Your employer likely has workers' compensation insurance to cover you in the event of a job-related injury or illness. It is supposed to help you to cover part of your lost wages while you work on getting better.
But how do you know if your illness or injury is covered by workers' compensation? There are some guidelines.
In short, they must be connected to your job or your workplace. That could mean the broken shoulder you suffered in a fall from a ladder, the carpal tunnel syndrome linked to 40 hours a week of data entry or your diagnosis of cancer attributed to working with certain chemicals.
If you are injured on company grounds while not working, you still could be covered by workers' compensation insurance. A fall in the cafeteria because of standing water caused by a leaky ice machine can be considered work-related. So can incidents offsite if you are there because of your job, such as an injury suffered while meeting clients at their offices. Even an injury suffered at a company-related event, such as a picnic, could be covered.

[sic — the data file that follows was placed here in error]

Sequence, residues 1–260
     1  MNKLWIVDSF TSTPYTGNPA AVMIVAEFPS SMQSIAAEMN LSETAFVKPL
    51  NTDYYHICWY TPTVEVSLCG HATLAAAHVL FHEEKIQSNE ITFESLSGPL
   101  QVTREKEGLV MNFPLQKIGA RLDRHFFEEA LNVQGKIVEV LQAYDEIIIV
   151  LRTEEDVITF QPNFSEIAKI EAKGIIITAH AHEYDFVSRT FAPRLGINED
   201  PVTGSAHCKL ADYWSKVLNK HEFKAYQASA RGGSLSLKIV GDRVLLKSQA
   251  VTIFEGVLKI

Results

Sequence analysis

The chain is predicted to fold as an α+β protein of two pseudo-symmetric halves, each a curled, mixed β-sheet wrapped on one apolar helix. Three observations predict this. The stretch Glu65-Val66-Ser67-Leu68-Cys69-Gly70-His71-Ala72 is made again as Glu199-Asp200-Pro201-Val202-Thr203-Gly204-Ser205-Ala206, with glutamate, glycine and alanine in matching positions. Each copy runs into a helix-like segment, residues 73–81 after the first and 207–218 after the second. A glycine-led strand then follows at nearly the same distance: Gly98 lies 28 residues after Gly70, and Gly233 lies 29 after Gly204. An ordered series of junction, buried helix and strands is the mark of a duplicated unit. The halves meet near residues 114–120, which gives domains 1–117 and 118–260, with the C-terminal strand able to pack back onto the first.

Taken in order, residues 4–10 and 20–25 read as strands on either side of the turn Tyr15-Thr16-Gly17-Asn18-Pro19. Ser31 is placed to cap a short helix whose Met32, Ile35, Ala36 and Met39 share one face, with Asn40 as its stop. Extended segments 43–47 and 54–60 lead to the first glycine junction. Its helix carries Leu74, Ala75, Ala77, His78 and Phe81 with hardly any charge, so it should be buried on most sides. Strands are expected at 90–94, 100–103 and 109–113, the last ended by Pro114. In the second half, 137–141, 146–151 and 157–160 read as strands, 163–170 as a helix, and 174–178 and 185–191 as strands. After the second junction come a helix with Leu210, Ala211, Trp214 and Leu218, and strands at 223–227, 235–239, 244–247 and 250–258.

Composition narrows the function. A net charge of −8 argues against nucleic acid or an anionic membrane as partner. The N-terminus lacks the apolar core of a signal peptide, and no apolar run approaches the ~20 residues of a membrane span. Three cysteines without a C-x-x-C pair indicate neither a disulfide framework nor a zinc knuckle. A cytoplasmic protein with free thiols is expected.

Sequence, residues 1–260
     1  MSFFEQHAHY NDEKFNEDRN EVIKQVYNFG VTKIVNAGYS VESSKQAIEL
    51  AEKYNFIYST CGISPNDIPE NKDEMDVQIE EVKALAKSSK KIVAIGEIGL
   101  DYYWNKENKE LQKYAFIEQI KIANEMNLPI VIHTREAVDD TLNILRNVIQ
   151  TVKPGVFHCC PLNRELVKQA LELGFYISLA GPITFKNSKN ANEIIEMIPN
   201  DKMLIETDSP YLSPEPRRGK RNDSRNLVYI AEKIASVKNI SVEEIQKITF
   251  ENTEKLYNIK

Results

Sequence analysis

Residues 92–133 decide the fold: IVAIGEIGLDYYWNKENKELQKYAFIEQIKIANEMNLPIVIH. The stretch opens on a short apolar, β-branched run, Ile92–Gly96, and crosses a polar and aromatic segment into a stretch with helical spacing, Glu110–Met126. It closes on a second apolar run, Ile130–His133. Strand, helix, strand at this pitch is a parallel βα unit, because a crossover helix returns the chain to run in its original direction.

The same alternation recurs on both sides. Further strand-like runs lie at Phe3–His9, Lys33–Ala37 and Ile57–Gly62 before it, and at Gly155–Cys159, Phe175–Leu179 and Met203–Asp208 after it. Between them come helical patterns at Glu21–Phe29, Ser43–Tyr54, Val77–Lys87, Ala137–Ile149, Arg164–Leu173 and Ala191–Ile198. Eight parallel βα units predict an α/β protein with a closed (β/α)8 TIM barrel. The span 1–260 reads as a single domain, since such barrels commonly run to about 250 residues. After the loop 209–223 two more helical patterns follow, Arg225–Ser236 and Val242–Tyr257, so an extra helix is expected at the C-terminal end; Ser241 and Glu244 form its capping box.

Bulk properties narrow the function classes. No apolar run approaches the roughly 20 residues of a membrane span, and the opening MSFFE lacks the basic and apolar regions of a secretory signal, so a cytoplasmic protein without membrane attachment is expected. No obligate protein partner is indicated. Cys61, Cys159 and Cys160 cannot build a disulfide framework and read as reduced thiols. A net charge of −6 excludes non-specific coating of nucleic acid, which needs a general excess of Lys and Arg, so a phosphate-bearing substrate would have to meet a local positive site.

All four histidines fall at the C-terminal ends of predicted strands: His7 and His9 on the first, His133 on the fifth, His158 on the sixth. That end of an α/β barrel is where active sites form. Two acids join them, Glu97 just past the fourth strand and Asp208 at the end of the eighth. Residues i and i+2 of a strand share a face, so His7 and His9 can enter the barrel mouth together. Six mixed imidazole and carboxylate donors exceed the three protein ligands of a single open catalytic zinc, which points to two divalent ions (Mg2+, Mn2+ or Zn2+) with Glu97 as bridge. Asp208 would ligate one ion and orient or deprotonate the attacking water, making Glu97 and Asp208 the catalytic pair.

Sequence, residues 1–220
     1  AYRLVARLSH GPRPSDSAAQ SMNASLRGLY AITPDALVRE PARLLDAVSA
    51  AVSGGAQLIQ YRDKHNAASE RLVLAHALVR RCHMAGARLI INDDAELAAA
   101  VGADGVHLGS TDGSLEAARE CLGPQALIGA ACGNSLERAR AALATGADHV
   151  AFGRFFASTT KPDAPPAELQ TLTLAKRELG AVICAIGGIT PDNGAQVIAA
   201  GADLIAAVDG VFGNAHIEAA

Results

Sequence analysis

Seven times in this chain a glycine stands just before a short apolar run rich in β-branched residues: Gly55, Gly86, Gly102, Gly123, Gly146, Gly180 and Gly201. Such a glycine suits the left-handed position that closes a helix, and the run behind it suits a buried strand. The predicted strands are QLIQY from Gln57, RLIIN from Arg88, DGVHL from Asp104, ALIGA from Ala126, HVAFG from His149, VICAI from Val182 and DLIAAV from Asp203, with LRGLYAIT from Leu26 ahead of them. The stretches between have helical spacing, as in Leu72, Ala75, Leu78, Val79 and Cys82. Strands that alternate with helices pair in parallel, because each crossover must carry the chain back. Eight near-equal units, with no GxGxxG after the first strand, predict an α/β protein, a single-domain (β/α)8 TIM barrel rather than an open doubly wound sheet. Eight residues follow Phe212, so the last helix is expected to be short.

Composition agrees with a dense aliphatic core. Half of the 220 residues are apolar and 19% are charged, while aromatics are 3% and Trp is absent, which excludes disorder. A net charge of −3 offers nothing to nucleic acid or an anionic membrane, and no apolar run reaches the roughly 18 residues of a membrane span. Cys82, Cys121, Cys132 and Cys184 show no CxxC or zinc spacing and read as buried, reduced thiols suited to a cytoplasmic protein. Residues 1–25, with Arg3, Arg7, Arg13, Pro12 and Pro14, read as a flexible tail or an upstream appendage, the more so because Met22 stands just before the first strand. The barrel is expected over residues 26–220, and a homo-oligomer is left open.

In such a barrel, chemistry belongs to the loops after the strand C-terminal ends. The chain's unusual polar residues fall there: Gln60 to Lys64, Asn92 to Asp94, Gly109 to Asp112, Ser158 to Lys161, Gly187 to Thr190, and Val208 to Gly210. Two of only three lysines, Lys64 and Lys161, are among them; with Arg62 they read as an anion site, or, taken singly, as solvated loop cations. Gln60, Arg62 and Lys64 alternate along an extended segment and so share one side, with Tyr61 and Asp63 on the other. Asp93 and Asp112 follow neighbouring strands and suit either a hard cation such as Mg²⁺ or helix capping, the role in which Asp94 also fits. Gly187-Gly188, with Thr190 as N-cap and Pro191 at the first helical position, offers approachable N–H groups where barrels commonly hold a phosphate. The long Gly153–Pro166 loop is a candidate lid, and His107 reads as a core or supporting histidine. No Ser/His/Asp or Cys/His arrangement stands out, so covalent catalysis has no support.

For workers' compensation coverage to extend to you, the company must have you classified as an "employee." That means contract workers, freelance workers, agricultural workers, seasonal workers and people who work in your home, such as babysitters, aren't eligible for compensation if injured.
Like all states, Florida has specific rules covering workers' compensation, and the only way to know for certain that you are eligible for payment for your injury or illness is to consult with an attorney experienced in that area of the law.